The problem could be anything from worn pads or discs, or a fluid leak from the master cylinder. Whatever the problem, get expert advice.
Your brakes are checked during your car’s annual service and MOT. However, some garages and tyre-fitting chains will also carry out free brake checks.
Accidentally filling up your car with the wrong fuel is more common than you might think, affecting an estimated 150,000 motorists every year.
Running out of fuel is another common reason for roadside rescues.
Other fuel-related faults which can cause a breakdown include problems with:
If you misfuel your car, realise before starting your engine, leave the engine switched off (don't even put your key in the ignition) and inform the staff at the service station.
If you drive a manual car, a clutch can wear out or the system may develop a leak. A clutch should last anywhere between 60,000 to 80,000 miles.
Clutch components include the clutch plate, pressure plate, flywheel, slave cylinder and clutch cable.
Warning signs include:
Never 'ride the clutch'. In other words, don't keep the clutch pedal partially pressed down because it pushes the pressure pad against the clutch plate but doesn't engage completely, creating more friction and wearing out the clutch faster.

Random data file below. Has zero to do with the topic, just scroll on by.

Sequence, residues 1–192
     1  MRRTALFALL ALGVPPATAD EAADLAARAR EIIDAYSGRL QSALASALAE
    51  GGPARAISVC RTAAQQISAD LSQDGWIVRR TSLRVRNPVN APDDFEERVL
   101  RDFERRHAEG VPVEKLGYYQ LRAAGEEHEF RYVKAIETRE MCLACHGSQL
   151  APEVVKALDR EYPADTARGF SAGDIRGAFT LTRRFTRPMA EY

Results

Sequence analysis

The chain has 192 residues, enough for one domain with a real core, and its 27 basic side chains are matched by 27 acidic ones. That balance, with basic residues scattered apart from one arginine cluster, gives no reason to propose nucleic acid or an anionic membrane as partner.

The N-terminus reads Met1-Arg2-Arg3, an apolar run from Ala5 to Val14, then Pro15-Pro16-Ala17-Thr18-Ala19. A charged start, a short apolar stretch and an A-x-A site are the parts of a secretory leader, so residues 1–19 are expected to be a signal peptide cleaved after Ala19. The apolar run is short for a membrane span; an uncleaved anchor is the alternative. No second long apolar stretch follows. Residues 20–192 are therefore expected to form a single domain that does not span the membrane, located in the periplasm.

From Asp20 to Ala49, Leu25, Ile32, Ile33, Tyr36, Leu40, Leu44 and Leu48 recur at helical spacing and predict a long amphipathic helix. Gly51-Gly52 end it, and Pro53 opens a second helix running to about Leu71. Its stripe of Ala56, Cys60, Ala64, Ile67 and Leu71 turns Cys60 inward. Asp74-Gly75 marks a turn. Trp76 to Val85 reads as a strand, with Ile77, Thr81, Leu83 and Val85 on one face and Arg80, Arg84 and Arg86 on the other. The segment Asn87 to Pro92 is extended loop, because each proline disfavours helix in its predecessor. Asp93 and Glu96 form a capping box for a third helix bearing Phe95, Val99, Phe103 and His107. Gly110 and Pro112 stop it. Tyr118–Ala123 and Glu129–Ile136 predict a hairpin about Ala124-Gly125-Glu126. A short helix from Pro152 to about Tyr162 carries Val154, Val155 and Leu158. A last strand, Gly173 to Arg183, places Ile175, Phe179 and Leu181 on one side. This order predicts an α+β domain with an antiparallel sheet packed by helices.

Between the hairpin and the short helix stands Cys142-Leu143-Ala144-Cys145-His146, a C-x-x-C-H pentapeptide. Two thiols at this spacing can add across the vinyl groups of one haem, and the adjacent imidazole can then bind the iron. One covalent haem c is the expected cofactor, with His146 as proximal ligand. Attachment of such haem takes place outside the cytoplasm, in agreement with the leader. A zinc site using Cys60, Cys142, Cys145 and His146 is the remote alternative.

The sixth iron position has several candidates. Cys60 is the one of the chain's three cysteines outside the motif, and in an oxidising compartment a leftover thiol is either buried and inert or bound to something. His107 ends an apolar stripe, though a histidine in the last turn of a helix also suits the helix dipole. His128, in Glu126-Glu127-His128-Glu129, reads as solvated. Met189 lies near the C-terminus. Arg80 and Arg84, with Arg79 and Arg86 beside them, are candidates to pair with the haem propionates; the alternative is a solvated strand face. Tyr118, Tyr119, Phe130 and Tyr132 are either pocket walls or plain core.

Instead, keep your foot well away from the clutch unless you are actually changing gear. Don’t slow down for traffic lights with the clutch semi-depressed and don't treat your clutch pedal like a footrest.
If you're having issues with the car alarm, try your second fob (if you have one). If this works, you just need to change the battery in your fob.
If neither work, there may be a fault with the fobs (you need a new one) or an electrical problem with a sensor, in which case you should get professional help.
Other issues include:
If possible, avoid buying a new key from a main dealer (it could cost as much as £150-£300). Instead, get a replacement from a key cutter like Timpson, or get a quote from a mobile auto locksmith.
An alternator can go at any time.
Signs that all might not be well include:
Related alternator components include the drive belt, the pulley and the battery warning light which warns you when the alternator is not charging the battery.
You might notice your temperature warning light go on or, worse still, steam coming out of your engine bay.
Either way, pull over in the nearest safe spot, turn off your engine, get all passengers away from the car and road, and call for breakdown assistance.
If you're more confident mechanically:
Avoid overheating by regularly checking and topping up the coolant. Also make sure the cooling fan is operating — you can hear it after a journey. Also look under your car now again to check for any leaks.
I'm an experienced journalist, digital editor and copywriter, now specialising in motoring. I’m editor of Automotive Blog and have worked across the media in newspapers, magazines, TV, teletext, radio and online for household names including the BBC, GMTV, ITV and MSN. I’ve produced digital content in the financial sector for Lloyds Bank, Nationwide and the Money Advice Service. I'm married with two children and live near Bath in Somerset.